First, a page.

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Inflation is tame — unless you’re a renter

Mitchell Hartman Nov 17, 2015

Inflation ticked up in October, but still remains relatively low by historic standards. The Bureau of Labor Statistics reported the Consumer Price Index (CPI) rose 0.2 percent for all items; it rose the same percentage not accounting for volatile food and energy prices. For the past year,  the CPI has risen just 0.2 percent — largely because gasoline prices have fallen by 28 percent.

But for people who rent, especially in popular urban areas, there is significant inflation to contend with. The CPI report showed that rents have risen 3.7 percent in the past 12 months.

Some metro areas, meanwhile, are experiencing double-digit rent inflation. According to data from the real estate firm Zillow, rents in San Francisco are up 13 percent year-over-year; Denver is up 11.5 percent; Portland, Oregon is up 10.5 percent. Other cities are rising much faster than rents nationwide, including Dallas, Texas; Boston, Massachusetts; Seattle, Washington; Cincinnati, Ohio; Kansas City, Missouri; Sacramento, California; and San Jose, California.

What’s driving higher rents is the declining homeownership rate, the propensity of younger people to rent rather than buy (in part because of their high levels of student debt), and the precipitous decline in homebuilding since the housing crash. Those factors have contributed to a very low rental vacancy rate nationwide.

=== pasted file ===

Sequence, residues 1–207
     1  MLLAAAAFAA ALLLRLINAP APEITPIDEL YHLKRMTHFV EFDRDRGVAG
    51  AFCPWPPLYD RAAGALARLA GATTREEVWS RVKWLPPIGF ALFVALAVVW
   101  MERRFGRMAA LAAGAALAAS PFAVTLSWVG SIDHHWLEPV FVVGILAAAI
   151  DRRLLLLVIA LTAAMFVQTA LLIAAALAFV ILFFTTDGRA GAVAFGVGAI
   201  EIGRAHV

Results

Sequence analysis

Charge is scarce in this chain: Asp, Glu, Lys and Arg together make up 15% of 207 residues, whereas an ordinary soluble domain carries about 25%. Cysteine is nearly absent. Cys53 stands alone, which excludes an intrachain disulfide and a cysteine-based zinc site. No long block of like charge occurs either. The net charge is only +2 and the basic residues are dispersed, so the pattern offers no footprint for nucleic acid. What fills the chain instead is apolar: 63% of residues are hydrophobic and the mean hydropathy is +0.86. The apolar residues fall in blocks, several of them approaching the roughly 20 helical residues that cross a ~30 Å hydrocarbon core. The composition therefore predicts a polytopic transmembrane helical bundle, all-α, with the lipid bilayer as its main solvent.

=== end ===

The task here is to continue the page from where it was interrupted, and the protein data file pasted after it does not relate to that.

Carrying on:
In hot urban markets where rents are soaring, there are added pressures on the rental-housing stock. That includes a lot of young college graduates flooding in for jobs in high-tech and other well-paid fields, and empty nesters moving back into busy downtowns with lots of disposable income.

Nicolas Retsinas of Harvard’s Joint Center for Housing Studies, which recently studied the affordable housing crisis, said developers are aiming much of their new multifamily housing at this relatively affluent market. 

“Last year, median rent of newly constructed rental housing was about $1,300 per month,” Retsinas said. “That would equal about 50 percent of the median income of renters nationwide — which means that over half of renters couldn’t afford that rent.”

In Portland, Oregon, where the median rent has risen by double digits in the past year, according to Zillow’s data tracking, it’s not hard to find someone who’s been displaced by rising rents.

Richard Seymour helps manage a local nonprofit, Free Geek, that does electronics recycling. He lived in the same building for 15 years—it’s a large early-1900s single-family home that had been converted into four apartments. Over that time, his rent rose moderately—from $500 to $700 a month. Then, in September, the long-time owners of the building sold to a young couple from out of town: for $800,000.

“And what happened the next day, everybody in the building got an eviction notice or a substantial rent-hike,” Seymour said. “So my $700 rent was suddenly $2,000.” Seymour and the other tenants moved out soon after; the building is now being renovated.